Organize Small Office Tasks

  • Status Closed
  • Budget $495 - $500 USD
  • Total Bids 8

Project Description

This is an updated version of this project. I've come to realize that it's at least a two-phase project, and perhaps three.

In this phase, my client needs someone to help her work out the solution described here:

I have a client who employs four people in her office. Both the production and sales sides of her business require employees to stay on top of lots of individual tasks.

Her history is one of employees letting important things fall through the cracks.

Many of the tasks start with an email from a vendor. I assume MS Outlook could provide a solution through some integration of email and tasks.

The objective is for my client, the business owner, to have a way she can easily see how well her employees are doing at staying on top of priorities. Ideally, it would be easy for tasks to be added automatically, easily, if not automatically, assigned to an employee, and tracked when complete.

I'm presenting this to both coders and VAs as I don't know if the solution is a one-time coding solution or some ongoing VA support.

Consider this a RFP for phase one.

In phase one, my client would hire someone to help her sort out what is needed and what is possible. This person might either be a software or VA person, and would likely have great communication skills. I imagine this phase would start some telephone conversations and would end with a written report that becomes the specifications put out for bid in phase two.

In phase two, the resulting specifications are put out to bid for a software solution of some sort. The software talent here wouldn't need to be as solid of a communicator as the person in phase one. Would the person from phase one help coordinate the sofware part? Perhaps.

There may be a phase three, if it made sense for a VA to partner with my client to maintain/support/manage the system in some way.

## Deliverables

It's possible that there is a web-based subscription system already in existence that would solve my client's situation nicely. If so, that suggestion would be a reasonable conclusion to phase 1.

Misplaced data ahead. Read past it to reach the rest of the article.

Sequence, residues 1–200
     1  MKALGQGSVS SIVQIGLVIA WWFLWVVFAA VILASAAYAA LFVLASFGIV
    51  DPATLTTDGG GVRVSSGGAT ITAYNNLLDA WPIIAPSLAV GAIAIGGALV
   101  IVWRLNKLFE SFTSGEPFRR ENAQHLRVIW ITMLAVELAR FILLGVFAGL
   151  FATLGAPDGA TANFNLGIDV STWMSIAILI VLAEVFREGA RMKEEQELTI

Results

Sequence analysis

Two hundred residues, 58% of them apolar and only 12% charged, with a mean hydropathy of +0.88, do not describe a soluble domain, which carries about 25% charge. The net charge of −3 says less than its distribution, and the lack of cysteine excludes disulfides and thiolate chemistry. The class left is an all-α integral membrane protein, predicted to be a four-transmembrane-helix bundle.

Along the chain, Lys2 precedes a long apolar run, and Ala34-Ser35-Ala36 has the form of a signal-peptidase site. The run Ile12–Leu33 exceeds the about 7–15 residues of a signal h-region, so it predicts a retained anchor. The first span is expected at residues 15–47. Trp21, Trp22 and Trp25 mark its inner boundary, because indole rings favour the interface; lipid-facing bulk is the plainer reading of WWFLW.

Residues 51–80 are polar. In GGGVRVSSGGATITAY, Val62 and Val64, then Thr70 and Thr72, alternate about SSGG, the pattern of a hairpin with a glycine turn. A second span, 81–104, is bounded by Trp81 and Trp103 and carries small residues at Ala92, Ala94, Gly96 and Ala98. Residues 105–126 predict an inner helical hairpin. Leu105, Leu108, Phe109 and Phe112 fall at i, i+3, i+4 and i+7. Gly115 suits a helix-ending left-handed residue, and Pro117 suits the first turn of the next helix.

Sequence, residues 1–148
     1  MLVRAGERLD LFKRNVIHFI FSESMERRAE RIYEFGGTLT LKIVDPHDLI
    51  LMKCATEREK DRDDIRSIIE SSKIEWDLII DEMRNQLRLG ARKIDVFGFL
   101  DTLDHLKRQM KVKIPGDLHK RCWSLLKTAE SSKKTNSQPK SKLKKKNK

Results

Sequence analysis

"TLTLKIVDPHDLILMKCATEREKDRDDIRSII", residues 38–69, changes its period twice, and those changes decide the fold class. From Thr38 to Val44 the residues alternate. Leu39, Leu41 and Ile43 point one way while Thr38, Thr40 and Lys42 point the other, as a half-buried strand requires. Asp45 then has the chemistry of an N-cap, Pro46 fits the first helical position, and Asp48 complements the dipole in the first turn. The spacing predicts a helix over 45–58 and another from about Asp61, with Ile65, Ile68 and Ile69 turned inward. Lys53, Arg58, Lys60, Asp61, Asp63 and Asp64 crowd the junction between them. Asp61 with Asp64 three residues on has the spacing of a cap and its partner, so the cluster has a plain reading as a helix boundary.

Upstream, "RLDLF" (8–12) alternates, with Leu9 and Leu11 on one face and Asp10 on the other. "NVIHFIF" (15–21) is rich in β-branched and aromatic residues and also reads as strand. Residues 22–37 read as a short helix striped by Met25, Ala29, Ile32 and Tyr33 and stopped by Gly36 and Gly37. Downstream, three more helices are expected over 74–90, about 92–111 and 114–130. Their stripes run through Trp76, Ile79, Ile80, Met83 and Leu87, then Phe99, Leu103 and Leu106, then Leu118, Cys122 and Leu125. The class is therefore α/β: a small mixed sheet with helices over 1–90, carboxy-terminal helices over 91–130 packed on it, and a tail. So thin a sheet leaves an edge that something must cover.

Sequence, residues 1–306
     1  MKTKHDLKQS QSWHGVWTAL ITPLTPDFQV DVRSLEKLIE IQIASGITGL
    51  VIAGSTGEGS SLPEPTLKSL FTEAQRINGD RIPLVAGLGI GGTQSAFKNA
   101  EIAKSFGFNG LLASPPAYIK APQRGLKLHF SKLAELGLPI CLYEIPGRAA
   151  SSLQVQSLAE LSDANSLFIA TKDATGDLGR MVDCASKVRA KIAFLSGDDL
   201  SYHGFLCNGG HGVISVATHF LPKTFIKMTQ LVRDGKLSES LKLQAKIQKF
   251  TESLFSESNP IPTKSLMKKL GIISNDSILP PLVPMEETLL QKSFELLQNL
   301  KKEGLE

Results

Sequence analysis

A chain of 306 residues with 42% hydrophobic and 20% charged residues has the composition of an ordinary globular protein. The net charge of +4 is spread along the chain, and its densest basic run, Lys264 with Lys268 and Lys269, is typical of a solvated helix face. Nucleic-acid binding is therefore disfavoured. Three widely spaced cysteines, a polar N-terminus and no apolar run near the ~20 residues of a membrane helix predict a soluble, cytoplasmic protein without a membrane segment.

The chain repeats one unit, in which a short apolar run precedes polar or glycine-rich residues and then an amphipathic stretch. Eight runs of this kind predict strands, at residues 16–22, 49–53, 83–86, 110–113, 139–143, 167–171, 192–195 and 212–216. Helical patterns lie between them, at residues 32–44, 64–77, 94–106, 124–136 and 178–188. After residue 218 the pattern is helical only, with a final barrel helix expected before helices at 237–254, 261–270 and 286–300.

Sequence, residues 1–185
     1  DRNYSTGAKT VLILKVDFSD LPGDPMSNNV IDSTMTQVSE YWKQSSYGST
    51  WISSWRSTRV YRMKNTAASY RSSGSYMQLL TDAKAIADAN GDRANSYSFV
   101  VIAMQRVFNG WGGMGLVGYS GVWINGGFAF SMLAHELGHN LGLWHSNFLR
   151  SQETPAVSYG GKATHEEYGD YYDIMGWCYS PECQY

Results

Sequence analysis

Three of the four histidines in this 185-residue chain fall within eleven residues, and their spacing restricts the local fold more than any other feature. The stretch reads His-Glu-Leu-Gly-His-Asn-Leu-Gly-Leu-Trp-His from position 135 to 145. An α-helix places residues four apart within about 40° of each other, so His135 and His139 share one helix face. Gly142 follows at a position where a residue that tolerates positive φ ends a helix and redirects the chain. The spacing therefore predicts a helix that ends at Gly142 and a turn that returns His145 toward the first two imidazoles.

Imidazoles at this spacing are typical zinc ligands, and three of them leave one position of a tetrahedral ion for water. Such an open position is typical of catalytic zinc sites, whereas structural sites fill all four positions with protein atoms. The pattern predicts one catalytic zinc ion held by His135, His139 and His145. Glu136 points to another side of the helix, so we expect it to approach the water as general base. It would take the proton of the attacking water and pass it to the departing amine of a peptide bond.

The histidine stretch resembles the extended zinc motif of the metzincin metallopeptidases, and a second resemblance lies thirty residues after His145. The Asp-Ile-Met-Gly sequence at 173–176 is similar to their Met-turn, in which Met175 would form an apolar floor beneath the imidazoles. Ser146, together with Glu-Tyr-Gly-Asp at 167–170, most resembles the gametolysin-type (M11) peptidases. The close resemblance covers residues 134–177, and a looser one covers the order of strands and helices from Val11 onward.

Also, although I can see that different people might be used for each phase, I sure would be easier if one or two people could do it all.

* * *This broadcast message was sent to all bidders on Wednesday Jun 4, 2008 7:28:26 PM:

OK, it's time to move this project along. Here's a bit more information about my client's reality: 1) She does not have a dedicated server. Hers is a P2P network and one machine serves as the server with a shared HD. 2) Five people need access, and everyone has internet access. 3) She's running Windows XP as an OS. 4) She has not budgeted for additional hardware, but that doesn't mean she couldn't. 5) Her office relies on MS Outlook and almost all tasks start with an email from a client. Thus, she's not going to consider a system that requires a lot of extra steps. The ideal one integrates well with Outlook. 6) She would consider an internet based option IF it integrated well with MS Outlook. 7) My client is a bit anxious about committing to a "proprietary" system, and that's a feeling that is not based on experience, logic or fact. In other words, if your approach makes sense and works, there wouldn't be much to be afraid of. I think the next step is to schedule some phone conversations to answer your questions, ask you some, and move on to the next phase. Since I've never tried working with someone out of North America, I don't know if there are communication realities that restrict how to do this. My thought is to schedule times to talk on a US based conference call line. If there's a problem with this, let me know. My next step is to get some times when my client and I can be on a call, and then make those times available to you to see if we can talk. If there are additional, obvious questions we could answer before a call, let me know. Thanks, Jim

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